The Real Inspector Hound & 15 Minute Hamlet
Someone has been terribly clever. That’s what you’ll think moments after the show begins. The Real Inspector Hound, a farce written by Tom Stoppard and directed by Steve Hill, asserts that fiction is make believe and anything goes. There’s a double-meaning to most parts, like a drawing which is both a representation of a real thing as well as a pattern on the page.
Kudos to Costume Designer Maria Graham, Lighting Designer Steve Hill, Set Designer Rob Bradshaw, Sound Designer Joseph Ponder and Wig Designer Robert Love. The show plays at the Masquers until April 28, 2012. (Photos by Jerry Telfer).
Over time, theâtre reviews help people—patrons or actors—in different ways, but here we’re treated to a poignant understanding of what a review means for the reviewer.
The play opens to a stage set prior to opening curtain disclosing two eccentric reviewers who plunk down in the first row. They’ve been wondrously fitted out with hairstyles and costumes. Moon (George W. Adams, Jr., photo left, left) is standing in for the senior critic, Higgs. Moon is a philosopher with an existential view of the importance of his views while Birdboot (Mark Shepard, photo left, right) is a happily married man who might just be a dirty dog enraptured with his own influence. The dialogue is alliterative and amusing.
Most comic is how completely each reviewer’s thoughts are isolated from the play; in fact, they write much of their reviews long before the play begins. Eventually, the old fools are drawn from their observational perch into the action. Ultimately, each suffers a fate appropriate for a reviewer.
Mrs. Drudge (Jean Rose) is a maid who makes us feel that, should we need to join this society, we’d druther not become members of the servile classes. Mrs. Drudge dearly lives up to her name and we warm to her straight-faced act. She develops side rôles as a narrator and accessory after the fact. Much later she develops most telling characteristics. Peversely, she is the only sane voice in the ensemble.
A radio programme is interrupted by a BBC announcer (Brian Jones) with terrifying updates of a criminal at large.
Simon Gascoyne (Eric Sadler) appears onstage surrounded by sinister mystery. His dark eyes glitter and he smiles slyly. We don’t trust this handsome lothario and it’s easy to see why we suspect him of deception. We are elegantly transported to the days when fondling cigarettes was common. We watch Simon prepare his surroundings for seduction of his target victim. Et voilà!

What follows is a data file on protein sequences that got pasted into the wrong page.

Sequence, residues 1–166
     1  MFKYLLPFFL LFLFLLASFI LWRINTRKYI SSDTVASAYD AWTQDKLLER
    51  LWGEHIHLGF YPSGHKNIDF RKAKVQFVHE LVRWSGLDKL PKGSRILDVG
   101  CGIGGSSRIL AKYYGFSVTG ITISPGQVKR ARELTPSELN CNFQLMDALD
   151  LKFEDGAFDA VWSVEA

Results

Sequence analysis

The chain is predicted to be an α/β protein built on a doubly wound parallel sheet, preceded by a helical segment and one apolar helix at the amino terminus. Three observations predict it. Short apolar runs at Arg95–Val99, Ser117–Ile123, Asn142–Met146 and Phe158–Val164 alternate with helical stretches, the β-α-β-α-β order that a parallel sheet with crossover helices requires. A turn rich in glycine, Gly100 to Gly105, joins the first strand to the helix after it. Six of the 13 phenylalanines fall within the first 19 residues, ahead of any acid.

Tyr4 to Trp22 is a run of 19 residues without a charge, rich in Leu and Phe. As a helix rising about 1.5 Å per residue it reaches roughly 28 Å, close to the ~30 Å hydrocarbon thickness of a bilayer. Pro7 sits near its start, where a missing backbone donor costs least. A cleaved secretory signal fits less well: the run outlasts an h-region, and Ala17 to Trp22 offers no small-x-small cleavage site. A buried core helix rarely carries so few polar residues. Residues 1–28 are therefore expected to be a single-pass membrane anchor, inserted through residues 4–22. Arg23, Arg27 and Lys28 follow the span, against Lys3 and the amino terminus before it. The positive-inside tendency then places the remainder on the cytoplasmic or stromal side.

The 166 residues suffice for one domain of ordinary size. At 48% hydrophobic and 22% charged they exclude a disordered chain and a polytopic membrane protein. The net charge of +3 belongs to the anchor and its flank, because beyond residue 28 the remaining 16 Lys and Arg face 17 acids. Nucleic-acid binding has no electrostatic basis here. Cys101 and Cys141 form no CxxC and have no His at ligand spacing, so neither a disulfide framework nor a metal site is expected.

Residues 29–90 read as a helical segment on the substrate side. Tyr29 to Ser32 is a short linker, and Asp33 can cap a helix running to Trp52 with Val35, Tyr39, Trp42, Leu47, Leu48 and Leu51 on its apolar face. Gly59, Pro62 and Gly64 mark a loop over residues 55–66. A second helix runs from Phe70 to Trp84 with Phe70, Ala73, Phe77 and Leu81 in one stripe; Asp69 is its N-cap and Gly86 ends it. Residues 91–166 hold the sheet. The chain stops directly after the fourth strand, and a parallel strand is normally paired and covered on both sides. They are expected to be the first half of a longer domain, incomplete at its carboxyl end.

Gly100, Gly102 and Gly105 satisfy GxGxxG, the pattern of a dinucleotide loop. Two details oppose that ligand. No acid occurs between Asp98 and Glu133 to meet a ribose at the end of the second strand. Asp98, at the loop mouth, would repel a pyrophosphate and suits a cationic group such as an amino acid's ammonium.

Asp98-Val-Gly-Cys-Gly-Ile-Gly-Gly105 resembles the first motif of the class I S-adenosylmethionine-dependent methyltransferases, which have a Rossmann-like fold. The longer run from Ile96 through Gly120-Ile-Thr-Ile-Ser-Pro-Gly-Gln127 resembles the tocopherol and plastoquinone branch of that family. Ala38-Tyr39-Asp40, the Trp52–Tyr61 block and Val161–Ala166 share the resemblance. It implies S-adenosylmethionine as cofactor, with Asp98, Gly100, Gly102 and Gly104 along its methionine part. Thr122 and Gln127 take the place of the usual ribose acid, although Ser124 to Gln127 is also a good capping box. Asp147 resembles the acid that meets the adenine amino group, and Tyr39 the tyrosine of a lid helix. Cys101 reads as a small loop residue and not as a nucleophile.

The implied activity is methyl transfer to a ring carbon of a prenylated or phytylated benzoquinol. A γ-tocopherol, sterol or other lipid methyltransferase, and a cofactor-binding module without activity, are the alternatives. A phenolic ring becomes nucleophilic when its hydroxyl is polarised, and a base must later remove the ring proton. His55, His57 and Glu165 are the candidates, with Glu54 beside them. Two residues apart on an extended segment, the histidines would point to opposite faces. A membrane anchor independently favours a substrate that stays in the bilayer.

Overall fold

Cynthia Muldoon (Michelle Pond) is the beautifully dressed, lady of the manor who adores her man passionately, within the constraints of dignity. Or perhaps only when others are looking. She toys with temptation. Her gentility may be a veneer for ruthless determination.
Felicity Cunningham (Kirstin Haag) is the play’s young lovely who excellently transports us to a time early in the last century when society women were glamorous and droll. She’s a pert, capable young miss playing at being empty-headed. Deliciously, she turns out to have a temper.
Both Lady Cynthia and Felicity are of a time when women did not speak what they were thinking. Instead whole conversations are told with the eyes. Magnificent!
Major Magnus Muldoon (Robert Love) is the aged, embittered brother of the missing-in-action Lord Albert. He’s hilariously mean-spirited and grumpy. Mobility is an issue for the Major and we are entranced by his adroit use of an antique wheelchair; we appreciate how much time was spent rehearsing this part. In time we see how possessive and commanding the Major can be.
The fabulously dressed Inspector Hound (Norman Macleod) makes a dramatic entrance, having just come from searching nearby marshes for the escaped criminal. The Inspector is a complex character; we’re never quite sure if he’s a bumbling fool or a perspicacious boffin. He’s a charming old penny buffed into brightness. Using infallible logic, the inspector soon unmasks the criminal. Or does he?
As the story unfolds, the kaleidoscope wheel slips and what was murky now becomes sharper; other meanings mutate. There are bodies galore and at least one dying scene worthy of joining a collection of Great Dying Scenes.
The Fifteen Minute Hamlet stars foppishly dressed Robert Taylor (photo left, left) as Hamlet and includes all of the actors from the earlier play. The doomed Hamlet is devious and behaves crazily.
The abridged story lasts about fifteen minutes, so things happen rather quickly. For those for whom it’s been a long time since reading the play, the performance acts as a bit of a refresher course. Small touches make the play memorable, like the way the passage of days is illustrated.
The cast of The Real Inspector Hound and The Fifteen Minute Hamlet constantly move across the stage keeping the audience’s eyes roaming. There is swordplay, gunplay, glorious costumes and wigs.
This is an enthralling performance with an imaginative storyline requiring careful attention and quite a few chuckles. There were many cheers at the sold out performance on opening night.
Get seats while you can.
How did you feel about the play? Comments are welcome.
The Real Inspector Hound and The Fifteen Minute Hamlet was performed March 23 - April 28, 2012, at the Masquers Theatre in Point Richmond, California. This review was also published in This Point In Time (TPIT), Vol. XXX-5, April/May 2012, a publication of the Point Richmond History Association.